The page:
[Update #2: Mischa Hooker writes:
I'd suggest, however, that cerevisia *is* likely related to the Welsh cwrw, since it's apparently a borrowing from Gaulish. The connection of cerevisia with Ceres is what I would question. [Note the apparent pattern m > v as argued by L. H. Gray, "Mutation in Gaulish," Language 20.4 (1944) pp. 227-8 (mutation no. 17 in the list), citing this set of cognates among some others.]
Serves me right for wading into the muddy waters of Celtic etymology!]
[Update #3: Beer historian Martyn Cornell further discounts the connection between cerevisia and Ceres:
This is Latin folk etymology, based on the Romans' idea that all barbarian words had to be derived from Latin originals. The name of the goddess Ceres has nothing at all to do with the word cerevisia (how would it?), which comes from a variant of the Gaulish word curmi, with e-vocalisation and the same change of m to v that happened with other Celtic words, such as the names of the British kingdoms Dumnonia (Devon) and Demetia (Dyfed). Curmi seems to be linked etymologically with the same IE root that gave the Latin word cremo, to burn or boil, in the same way that so many other brewing words have roots in words meaning bubbling or boiling.Posted by Benjamin Zimmer at September 24, 2007 06:08 AM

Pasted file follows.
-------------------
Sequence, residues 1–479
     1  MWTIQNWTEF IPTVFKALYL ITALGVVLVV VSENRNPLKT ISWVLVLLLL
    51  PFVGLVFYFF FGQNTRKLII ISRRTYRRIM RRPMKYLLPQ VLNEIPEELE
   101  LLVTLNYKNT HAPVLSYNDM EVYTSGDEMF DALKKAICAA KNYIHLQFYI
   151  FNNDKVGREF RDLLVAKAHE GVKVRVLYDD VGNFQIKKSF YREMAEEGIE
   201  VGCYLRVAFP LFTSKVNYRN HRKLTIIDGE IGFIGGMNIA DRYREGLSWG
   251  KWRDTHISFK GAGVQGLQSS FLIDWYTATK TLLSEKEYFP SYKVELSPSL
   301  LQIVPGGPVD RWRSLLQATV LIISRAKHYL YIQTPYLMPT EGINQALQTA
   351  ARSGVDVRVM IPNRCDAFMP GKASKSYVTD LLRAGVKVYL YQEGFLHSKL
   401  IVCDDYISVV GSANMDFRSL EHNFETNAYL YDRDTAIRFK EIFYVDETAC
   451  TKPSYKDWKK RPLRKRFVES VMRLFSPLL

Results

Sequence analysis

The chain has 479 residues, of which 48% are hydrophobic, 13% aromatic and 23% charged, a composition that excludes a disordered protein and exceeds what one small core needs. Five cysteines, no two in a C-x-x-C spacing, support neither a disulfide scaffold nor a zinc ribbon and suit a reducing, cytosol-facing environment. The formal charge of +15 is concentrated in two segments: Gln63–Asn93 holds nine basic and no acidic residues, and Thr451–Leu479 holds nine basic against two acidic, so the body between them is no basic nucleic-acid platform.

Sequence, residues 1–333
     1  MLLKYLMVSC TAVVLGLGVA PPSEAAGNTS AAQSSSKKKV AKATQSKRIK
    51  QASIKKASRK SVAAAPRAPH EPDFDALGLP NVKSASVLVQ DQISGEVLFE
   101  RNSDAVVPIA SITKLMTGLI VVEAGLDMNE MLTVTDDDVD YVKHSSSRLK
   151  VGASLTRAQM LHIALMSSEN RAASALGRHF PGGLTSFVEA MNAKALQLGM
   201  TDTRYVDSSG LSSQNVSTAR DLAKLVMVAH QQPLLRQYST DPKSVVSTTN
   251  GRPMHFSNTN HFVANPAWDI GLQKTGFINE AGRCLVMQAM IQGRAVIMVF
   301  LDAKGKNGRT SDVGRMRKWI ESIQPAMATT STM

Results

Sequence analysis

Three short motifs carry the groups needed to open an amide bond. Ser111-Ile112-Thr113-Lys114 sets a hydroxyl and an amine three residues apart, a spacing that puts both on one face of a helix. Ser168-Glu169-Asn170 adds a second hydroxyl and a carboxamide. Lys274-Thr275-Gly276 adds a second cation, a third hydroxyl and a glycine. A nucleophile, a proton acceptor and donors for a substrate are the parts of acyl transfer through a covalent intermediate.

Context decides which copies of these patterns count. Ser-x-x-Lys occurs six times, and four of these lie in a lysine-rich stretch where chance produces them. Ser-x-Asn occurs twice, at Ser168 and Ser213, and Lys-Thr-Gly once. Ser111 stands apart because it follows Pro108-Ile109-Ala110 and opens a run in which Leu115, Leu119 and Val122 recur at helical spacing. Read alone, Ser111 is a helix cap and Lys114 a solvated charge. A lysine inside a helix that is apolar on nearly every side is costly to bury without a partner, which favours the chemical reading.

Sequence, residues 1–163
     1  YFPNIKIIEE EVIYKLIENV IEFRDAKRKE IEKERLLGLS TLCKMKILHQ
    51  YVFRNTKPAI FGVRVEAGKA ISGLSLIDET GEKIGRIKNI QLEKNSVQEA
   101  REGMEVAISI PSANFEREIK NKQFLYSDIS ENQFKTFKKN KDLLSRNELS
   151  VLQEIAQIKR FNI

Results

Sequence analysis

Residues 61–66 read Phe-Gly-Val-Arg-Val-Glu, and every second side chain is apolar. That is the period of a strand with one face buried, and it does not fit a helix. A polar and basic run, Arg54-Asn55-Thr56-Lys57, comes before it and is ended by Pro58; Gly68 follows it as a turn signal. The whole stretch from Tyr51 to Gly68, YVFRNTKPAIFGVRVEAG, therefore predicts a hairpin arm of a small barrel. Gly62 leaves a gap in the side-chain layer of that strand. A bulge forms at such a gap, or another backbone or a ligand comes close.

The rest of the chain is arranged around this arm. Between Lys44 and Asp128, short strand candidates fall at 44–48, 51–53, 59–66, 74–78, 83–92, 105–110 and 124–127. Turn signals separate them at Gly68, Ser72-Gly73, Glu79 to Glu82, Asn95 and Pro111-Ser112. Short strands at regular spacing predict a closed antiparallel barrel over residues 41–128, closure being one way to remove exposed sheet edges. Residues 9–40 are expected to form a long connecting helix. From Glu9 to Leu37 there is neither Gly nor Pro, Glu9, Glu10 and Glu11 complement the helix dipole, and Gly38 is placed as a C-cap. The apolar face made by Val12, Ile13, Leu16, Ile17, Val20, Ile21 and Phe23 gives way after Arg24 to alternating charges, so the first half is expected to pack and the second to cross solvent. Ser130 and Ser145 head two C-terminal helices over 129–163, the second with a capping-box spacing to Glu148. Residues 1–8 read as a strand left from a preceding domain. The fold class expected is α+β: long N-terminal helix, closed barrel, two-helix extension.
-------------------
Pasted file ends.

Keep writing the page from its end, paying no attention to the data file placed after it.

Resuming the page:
The Welsh version of the Common Celtic word curmi underwent the same m-to-v change, to become coref (IIRC) in medieval Welsh, losing the f (single f being pronounced v in Welsh, of course) to turn into cwrw. In Cornish and Breton the f stayed, giving coref in the former and coreff in the latter. The old Irish cognate was coirm, later replaced by lionn, which originally just meant "drink". Cerevesia (or cervisia, or other variants) isn't a medieval Latin word either — it's found from at least the 1st century AD. And modern French still has the word cervoise, with the specialised meaning "unhopped ale", as against biere, the name of the hopped drink — a distinction that has been, sadly, lost in English these past three or four centuries. ]